Interference Resolution
The Enforcement Bureau, through its field offices, supports the Commission’s public safety goals, including investigations and resolution of interference to public safety communications and critical infrastructure. Interference complaints come from a variety of sources, but the Bureau’s highest priority is responding to complaints from those that protect the public and preserve security (e.g., Federal Aviation Administration (FAA) air traffic control and navigation, U.S. Coast Guard search-and-rescue operators, Emergency Medical Service technicians, police, and firefighters).

Jammers
The Communications Act of 1934, as amended, prohibits the operation, manufacture, importation, marketing, and sale of equipment designed to jam or otherwise interfere with authorized radio communications, such as radar, global positioning system (GPS), and cell phone communications. These jamming devices pose significant risks to public safety and potentially compromise other radio communications services.

Pirate Radio
Section 301 of the Communications Act requires an FCC license or authorization for the operation of a broadcast station. Unauthorized or “pirate” radio stations generally involve an individual operating an over-the-air radio station in the AM or FM frequency band without an FCC license that exceeds the unlicensed radiated emission limits found in part 15 of the Commission’s rules.

Privacy/Data Security/Cybersecurity: Customer Proprietary Network Information
TCD enforces the provisions of sections 201(b) and 222 of the Communications Act, as well as the accompanying Commission rules, relating to how telecommunications carriers protect the privacy and security of their customers’ (and certain other entities’) information. Section 201(b) of the Act requires that carriers’ practices be just and reasonable, including practices related to privacy, data protection, and cybersecurity. Section 222 restricts carriers’ use and disclosure of their customers’ (and certain other entities’) “proprietary” information and requires that telecommunications carriers protect the confidentiality of that information. In addition, the Commission’s rules require carriers and interconnected VoIP providers to take reasonable measures to safeguard certain sensitive data known as “customer proprietary network information” (CPNI), to notify consumers and law enforcement of data breaches involving CPNI, and to file annual certifications documenting their compliance with the CPNI rules (codified at 47 CFR § 64.2001 et seq).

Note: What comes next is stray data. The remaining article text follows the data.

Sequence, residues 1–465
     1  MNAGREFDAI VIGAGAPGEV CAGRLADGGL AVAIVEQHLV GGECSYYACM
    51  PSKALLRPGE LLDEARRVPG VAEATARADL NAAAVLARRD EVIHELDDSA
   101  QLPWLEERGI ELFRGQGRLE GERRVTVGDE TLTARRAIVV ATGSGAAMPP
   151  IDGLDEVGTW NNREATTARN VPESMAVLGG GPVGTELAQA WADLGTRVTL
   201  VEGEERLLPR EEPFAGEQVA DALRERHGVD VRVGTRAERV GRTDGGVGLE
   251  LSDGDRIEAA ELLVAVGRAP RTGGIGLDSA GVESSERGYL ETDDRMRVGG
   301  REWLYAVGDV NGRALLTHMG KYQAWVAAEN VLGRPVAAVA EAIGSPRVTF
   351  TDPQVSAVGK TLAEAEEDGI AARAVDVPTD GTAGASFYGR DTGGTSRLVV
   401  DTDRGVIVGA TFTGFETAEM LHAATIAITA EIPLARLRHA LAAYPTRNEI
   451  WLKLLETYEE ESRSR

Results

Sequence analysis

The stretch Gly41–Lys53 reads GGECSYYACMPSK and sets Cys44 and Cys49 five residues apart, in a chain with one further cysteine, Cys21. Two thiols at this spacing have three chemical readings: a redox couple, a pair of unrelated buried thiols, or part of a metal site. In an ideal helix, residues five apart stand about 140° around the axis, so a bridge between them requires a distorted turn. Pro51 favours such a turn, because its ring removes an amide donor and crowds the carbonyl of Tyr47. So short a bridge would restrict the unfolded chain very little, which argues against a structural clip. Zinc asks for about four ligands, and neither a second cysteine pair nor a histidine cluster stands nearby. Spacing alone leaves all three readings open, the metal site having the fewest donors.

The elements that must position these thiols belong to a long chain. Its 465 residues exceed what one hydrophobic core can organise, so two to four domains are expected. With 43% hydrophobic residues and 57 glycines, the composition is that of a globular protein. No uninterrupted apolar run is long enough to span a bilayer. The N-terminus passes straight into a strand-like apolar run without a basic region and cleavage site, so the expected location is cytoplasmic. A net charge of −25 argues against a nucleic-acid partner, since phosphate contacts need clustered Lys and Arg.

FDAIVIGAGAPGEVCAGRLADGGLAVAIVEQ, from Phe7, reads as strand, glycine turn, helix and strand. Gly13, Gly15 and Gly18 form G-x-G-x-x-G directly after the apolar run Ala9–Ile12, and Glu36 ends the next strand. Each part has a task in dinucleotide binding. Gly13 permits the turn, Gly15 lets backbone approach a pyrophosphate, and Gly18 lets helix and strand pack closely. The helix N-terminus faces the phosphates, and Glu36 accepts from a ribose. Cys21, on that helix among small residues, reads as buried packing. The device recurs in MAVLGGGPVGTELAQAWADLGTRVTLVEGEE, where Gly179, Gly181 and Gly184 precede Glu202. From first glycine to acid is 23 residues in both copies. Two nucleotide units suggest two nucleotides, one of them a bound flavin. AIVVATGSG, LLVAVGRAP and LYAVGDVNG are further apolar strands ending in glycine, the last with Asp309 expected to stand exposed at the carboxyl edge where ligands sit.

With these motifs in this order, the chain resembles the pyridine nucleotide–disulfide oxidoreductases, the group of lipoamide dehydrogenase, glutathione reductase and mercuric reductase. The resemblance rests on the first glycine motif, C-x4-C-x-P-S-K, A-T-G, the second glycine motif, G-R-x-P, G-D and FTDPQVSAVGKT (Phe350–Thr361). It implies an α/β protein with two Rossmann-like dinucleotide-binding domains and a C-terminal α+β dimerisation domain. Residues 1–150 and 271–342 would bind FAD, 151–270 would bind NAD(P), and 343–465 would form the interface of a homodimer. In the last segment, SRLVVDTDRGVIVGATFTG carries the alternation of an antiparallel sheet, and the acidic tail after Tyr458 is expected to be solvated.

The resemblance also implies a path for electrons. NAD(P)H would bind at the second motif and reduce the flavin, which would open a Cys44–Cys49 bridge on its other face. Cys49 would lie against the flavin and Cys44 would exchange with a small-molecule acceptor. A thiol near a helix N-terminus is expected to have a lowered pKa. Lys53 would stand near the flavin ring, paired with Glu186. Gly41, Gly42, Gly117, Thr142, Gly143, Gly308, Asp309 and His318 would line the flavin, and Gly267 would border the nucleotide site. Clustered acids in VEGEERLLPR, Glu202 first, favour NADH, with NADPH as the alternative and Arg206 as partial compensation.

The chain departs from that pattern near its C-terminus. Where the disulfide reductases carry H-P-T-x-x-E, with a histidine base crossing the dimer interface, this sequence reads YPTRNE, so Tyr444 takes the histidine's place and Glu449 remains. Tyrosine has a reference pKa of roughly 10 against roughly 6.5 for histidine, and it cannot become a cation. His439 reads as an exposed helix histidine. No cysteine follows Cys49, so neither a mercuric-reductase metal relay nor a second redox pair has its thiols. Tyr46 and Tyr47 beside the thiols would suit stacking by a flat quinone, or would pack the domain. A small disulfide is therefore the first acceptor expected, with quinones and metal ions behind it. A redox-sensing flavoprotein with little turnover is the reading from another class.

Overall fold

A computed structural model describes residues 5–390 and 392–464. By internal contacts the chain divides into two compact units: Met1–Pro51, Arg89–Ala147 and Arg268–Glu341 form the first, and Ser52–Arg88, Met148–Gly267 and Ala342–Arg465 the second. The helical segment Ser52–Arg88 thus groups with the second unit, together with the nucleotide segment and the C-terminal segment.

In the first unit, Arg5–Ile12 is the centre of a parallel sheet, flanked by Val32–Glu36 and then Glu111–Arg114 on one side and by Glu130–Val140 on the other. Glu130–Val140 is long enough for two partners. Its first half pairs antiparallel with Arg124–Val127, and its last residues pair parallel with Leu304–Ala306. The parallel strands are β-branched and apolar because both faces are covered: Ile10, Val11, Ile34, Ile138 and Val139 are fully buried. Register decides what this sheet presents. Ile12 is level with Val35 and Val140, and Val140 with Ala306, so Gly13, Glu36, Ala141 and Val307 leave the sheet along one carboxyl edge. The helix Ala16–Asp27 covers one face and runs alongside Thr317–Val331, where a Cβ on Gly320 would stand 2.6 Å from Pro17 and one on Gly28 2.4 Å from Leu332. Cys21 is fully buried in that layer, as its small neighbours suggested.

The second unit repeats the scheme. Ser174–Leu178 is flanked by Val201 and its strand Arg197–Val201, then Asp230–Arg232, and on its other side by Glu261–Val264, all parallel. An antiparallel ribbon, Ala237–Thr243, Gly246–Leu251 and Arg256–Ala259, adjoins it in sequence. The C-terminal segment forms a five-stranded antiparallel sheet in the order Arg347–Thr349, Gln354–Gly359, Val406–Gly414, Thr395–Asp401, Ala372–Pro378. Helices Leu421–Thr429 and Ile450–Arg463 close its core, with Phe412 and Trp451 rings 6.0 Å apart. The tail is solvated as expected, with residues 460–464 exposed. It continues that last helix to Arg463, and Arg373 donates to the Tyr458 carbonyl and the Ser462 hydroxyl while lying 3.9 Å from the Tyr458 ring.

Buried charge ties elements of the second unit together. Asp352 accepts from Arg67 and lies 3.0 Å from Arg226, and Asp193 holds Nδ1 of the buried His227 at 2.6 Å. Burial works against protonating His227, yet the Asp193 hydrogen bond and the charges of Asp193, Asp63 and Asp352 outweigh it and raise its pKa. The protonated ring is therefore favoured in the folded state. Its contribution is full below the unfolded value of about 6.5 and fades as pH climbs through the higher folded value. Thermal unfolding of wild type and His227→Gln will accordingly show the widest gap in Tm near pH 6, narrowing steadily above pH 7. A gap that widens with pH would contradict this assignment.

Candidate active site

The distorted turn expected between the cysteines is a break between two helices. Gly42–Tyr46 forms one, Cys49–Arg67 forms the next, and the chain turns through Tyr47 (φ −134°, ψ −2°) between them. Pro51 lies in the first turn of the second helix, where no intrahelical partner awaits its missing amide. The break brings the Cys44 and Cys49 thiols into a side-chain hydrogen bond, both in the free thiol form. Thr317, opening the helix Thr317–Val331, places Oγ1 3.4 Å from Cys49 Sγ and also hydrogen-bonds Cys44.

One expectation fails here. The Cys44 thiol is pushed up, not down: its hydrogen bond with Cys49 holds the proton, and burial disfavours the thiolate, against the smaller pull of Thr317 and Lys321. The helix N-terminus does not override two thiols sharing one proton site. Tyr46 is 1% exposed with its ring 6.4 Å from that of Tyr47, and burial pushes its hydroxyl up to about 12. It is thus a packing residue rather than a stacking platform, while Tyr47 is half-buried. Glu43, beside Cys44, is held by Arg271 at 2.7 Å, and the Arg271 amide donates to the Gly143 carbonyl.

Non-technical Rules Applicable to Broadcasters, Satellite Radio Providers, and Cable Television Providers
Non-technical rules applicable to broadcasters, satellite radio providers, and MVPDs, including: EEO Requirements, Sponsorship Identification, CALM Act (Loud Commercials), EAS Misuse, Indecency, and Underwriting.

Rural Call Completion
The Improving Rural Call Quality and Reliability Act of 2017 (the RCC Act) addressed problems with call quality and call completion in rural areas by requiring intermediate providers—companies assisting originating phone providers to route phone calls—to register with the FCC and to comply with FCC established service quality standard. The FCC’s rules further require most long-distance carriers to monitor and promptly remedy call completion issues. The Investigations and Hearings Division enforces the RCC Act and the FCC’s rules and policies directed at improving call completion to rural areas, including carrier requirements to monitor and remedy call completion issues.

Section 642/TVPA Requirements